My thoughts on Bill Kristol are usually condemnatory, so I was pleasantly surprised when he defended Obama’s national security credentials recently. Here he is at an AIPAC conference explaining that there are few major differences between Obama and McCain on foreign policy.
“There are actually no disputes of that nature…with the exception of Iraq this time. Obama’s not for cutting the defense budget; Obama’s not for pulling troops back from our forward positions around the world, with the exception of Iraq. Obama and McCain don’t actually differ, at least on paper, even on Iran, where they’re arguing about whether they would talk to [Iranian President Mahmoud] Ahmadinejad or not — and I think that’s an important dispute. Still, at the end of the day, Obama doesn’t say he would rule out the use of force. McCain certainly is committed as he said this morning to trying to increase economic pressure on Iran, which Obama has also talked about.”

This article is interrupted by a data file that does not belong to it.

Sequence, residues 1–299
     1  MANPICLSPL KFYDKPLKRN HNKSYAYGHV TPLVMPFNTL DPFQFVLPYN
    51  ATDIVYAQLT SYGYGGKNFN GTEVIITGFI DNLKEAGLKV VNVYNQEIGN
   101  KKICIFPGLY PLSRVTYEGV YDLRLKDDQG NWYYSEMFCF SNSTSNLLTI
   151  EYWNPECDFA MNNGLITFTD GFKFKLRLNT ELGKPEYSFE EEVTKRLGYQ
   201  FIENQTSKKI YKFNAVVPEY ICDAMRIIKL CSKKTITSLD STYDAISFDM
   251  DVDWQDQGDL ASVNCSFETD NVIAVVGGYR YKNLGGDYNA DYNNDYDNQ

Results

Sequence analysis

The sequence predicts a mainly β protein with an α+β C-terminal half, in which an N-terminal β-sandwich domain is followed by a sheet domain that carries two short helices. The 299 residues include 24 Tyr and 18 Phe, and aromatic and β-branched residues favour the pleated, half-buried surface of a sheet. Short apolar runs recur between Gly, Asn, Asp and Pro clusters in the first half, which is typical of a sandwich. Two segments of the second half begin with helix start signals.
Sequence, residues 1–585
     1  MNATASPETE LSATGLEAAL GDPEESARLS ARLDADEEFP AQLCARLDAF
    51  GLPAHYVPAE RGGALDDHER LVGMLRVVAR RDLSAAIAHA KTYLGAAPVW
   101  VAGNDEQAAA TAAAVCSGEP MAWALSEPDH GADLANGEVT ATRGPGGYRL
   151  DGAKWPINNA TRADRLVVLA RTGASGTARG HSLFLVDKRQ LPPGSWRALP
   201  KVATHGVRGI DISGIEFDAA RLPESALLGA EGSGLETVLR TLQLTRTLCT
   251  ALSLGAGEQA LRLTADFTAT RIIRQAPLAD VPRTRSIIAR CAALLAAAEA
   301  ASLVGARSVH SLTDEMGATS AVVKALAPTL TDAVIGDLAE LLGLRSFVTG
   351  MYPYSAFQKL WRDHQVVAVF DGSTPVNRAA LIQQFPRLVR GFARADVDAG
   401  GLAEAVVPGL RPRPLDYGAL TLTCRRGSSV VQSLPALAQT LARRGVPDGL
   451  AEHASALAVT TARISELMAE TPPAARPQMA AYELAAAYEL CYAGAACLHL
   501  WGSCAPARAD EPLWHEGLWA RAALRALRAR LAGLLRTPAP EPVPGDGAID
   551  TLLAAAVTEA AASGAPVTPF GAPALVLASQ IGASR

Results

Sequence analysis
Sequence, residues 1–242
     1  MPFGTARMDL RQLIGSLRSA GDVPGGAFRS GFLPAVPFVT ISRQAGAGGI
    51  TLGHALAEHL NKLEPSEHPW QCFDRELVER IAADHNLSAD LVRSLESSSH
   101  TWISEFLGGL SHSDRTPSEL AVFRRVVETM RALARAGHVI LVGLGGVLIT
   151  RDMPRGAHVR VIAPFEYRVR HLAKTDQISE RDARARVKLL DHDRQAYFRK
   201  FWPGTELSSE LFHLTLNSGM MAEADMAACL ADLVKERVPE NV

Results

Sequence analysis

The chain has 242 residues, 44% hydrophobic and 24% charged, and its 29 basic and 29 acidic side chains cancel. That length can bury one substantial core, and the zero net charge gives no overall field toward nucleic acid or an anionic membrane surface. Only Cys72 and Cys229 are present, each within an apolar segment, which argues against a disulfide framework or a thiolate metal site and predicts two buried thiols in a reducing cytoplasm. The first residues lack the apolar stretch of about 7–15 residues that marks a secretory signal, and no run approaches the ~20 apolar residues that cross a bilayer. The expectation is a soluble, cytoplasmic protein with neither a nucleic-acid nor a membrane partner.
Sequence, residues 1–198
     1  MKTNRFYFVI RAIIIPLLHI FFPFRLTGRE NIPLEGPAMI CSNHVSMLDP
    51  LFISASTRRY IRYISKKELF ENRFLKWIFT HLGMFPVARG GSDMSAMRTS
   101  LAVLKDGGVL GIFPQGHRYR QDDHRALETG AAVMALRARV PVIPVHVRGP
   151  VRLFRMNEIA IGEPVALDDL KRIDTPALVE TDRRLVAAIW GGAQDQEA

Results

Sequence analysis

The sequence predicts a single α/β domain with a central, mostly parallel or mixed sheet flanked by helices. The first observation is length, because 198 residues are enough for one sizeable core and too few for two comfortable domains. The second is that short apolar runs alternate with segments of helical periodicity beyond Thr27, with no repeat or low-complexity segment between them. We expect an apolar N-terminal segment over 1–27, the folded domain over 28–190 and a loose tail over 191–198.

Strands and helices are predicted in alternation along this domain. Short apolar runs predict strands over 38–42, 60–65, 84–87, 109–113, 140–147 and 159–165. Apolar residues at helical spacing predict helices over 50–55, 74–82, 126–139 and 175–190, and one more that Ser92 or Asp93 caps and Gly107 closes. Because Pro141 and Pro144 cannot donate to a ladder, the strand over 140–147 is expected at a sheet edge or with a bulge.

Now, Kristol’s not entirely correct here. Obama opposed the Senate amendment that classified Iran’s Revolutionary Guard as a terrorist organization. He is open to a softening of American policy toward Cuba. He generally sees a larger role for diplomacy than McCain, and rejects the bellicosity of the Bush Administration’s foreign policy, while McCain embraces it. He rejects conventional wisdom on international issues. John McCain seems to embody it.
But the strategic thing for Kristol to do would be to be paint Obama as weaker than McCain on defense. So weak in fact that he endangers American (and Israeli!) security. McCain said just this yesterday, but Kristol declined in his AIPAC comments. So in the interest of giving credit where it’s due, kudos to Kristol.